MicroPI: A micromagnetic approach to absolute palaeointensity determinations

Lead Research Organisation: University of Edinburgh
Department Name: Sch of Geosciences


The physical and chemical processes that occur deep within the Earth have shaped the evolution of our planet over billions of years. We have very few tools that can be used to investigate the deep Earth over its entire geological history. One such tool is the analysis of magnetic recordings of the geomagnetic field made by rocks.

The geomagnetic field is generated within the Earth's core more than 3000 km below the surface, and its behaviour is modified by the varying chemistry and sources of heat that have been slowly changing since the Earth's formation 4.5 billion years ago. The changes in the geomagnetic field are recorded by rocks when they form. By sampling and analysing the magnetic recordings of rocks, we can play back this recording of the changing geomagnetic field over time, and use this information to test the various theories of the evolution of our planet. In addition, knowledge of the ancient geomagnetic field also allows us to determine habitability on the early Earth's surface, as the geomagnetic field is known to protect and preserve the atmosphere from Solar radiation stripping.

Unlike highly uniform man-made magnetic recording media, rocks contain a wide variety of magnetic particles of different shapes and sizes. These magnetic particles are known to display complex magnetic behaviours; however, until now a very simplified model has been used to explain and determine the ancient geomagnetic field intensities recorded by rocks. This means that the theory we presently use to extract ancient geomagnetic field information from rocks is incorrect, leading to errors in estimates of the ancient field intensity. This casts doubt on our current view of the how the geomagnetic field intensity has varied in the past, and also likely explains inconsistencies in multiple studies where different results are obtained from rocks of the same age.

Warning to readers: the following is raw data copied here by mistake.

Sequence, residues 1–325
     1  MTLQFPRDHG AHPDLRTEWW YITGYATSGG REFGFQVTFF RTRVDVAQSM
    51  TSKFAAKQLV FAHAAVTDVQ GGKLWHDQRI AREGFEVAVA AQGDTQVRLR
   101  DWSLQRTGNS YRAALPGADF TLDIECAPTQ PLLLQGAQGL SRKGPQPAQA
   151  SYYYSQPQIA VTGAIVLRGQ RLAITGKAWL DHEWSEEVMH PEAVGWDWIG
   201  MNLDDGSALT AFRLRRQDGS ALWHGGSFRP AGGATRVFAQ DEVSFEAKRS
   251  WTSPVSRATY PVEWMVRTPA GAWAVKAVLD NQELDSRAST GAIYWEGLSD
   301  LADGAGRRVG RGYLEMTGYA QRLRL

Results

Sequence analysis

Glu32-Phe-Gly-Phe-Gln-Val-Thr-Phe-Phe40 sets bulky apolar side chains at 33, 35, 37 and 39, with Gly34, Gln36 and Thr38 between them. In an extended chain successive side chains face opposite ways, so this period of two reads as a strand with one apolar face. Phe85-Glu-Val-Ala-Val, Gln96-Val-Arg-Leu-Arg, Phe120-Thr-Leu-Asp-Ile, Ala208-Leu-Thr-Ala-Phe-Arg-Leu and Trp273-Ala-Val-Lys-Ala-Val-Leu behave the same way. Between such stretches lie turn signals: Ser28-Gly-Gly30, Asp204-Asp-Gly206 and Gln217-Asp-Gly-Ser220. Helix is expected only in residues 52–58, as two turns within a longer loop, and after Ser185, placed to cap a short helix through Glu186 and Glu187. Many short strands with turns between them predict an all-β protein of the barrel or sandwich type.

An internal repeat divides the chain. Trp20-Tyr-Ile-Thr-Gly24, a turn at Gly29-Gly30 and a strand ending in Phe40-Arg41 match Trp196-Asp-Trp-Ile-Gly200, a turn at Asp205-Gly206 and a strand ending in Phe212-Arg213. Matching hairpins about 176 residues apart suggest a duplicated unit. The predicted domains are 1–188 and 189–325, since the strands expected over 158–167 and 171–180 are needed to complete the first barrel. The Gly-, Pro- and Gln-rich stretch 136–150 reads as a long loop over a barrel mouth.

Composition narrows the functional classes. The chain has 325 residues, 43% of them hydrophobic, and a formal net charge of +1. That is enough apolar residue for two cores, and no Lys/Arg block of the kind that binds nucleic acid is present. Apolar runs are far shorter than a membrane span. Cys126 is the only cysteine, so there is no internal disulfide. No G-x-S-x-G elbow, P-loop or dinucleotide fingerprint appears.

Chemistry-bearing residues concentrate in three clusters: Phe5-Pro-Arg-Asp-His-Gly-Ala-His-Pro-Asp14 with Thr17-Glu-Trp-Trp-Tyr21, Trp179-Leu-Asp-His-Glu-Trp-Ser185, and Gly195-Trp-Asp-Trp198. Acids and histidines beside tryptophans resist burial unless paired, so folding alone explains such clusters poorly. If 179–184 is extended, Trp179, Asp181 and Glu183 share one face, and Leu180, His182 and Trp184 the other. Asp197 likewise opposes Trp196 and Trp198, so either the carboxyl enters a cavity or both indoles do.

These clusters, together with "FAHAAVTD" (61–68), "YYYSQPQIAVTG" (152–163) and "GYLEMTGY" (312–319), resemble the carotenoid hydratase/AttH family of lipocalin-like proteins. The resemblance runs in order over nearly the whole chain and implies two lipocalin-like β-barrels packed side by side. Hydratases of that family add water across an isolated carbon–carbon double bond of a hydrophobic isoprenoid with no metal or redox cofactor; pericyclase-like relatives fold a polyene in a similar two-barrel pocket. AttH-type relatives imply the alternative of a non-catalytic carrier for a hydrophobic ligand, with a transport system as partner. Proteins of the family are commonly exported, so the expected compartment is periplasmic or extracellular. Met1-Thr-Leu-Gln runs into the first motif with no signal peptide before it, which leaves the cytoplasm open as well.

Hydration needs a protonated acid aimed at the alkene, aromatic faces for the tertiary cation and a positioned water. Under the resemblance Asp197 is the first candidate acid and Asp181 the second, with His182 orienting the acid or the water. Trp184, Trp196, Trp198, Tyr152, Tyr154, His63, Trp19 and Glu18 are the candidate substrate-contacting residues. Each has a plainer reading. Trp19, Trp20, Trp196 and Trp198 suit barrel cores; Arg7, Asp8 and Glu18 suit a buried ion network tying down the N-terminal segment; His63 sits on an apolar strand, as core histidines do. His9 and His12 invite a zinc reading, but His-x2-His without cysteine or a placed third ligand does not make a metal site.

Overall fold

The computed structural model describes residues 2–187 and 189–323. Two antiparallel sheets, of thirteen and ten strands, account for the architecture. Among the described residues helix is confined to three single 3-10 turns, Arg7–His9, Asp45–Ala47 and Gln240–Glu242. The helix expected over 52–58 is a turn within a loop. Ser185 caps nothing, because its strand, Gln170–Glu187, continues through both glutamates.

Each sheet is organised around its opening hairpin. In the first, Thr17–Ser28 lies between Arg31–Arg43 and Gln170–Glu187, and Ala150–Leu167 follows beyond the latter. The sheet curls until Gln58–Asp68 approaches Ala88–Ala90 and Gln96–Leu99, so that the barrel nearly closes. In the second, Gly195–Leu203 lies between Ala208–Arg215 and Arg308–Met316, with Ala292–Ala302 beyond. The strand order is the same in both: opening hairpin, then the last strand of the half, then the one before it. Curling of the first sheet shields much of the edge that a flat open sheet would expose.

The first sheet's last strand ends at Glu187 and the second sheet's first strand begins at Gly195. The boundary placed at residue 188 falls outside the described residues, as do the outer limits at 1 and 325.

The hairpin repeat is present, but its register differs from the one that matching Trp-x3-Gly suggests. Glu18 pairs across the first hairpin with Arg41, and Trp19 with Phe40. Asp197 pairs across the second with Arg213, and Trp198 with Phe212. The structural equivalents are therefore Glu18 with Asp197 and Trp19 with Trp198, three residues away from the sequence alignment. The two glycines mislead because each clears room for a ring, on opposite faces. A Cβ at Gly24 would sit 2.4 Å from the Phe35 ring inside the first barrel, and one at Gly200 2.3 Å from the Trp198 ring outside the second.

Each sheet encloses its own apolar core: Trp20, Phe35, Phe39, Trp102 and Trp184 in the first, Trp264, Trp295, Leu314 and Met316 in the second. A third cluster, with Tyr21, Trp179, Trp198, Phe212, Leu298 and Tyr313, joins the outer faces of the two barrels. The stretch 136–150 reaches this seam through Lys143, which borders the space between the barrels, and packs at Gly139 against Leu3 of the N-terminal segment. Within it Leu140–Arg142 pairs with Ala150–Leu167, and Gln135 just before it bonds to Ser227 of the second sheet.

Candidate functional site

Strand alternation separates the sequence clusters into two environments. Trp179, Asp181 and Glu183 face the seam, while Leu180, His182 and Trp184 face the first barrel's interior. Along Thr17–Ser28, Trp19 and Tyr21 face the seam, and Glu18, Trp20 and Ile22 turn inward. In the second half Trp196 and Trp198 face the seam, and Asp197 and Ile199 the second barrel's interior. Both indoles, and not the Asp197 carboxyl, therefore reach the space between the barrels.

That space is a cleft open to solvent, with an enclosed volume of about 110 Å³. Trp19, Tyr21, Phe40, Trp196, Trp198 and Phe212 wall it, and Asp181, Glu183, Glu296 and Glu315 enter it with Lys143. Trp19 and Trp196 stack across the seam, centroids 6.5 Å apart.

In the last year, the proposers of this project have developed a new theoretical model which accurately captures the complex behaviour of the magnetisations recorded within rocks. In this project, we propose to use our new understanding of how magnetic minerals record the geomagnetic field to build a completely new and different approach for determining ancient geomagnetic field intensities recorded in rocks. This new method will rely on a large numerical database of magnetic characteristics of different types of magnetic particles that have been simulated from numerical models. We will make this new method available to the scientific community through a web-app, where Earth Scientists can upload their own experimental measurements and can calculate estimates of palaeomagnetic field intensities using our new method.

With our new approach we will investigate one of the most pressing issues of our times concerning heat and heat flow within the Earth over the last 4.5 billion years: when did the solid Inner Core nucleate? There are some published palaeomagnetic data to suggest that it is as recent as ~500 million years ago, though this is widely disputed. We will use our new approach to determine the reliability of these magnetic data, and to better pinpoint the timing of Inner Core Nucleation.


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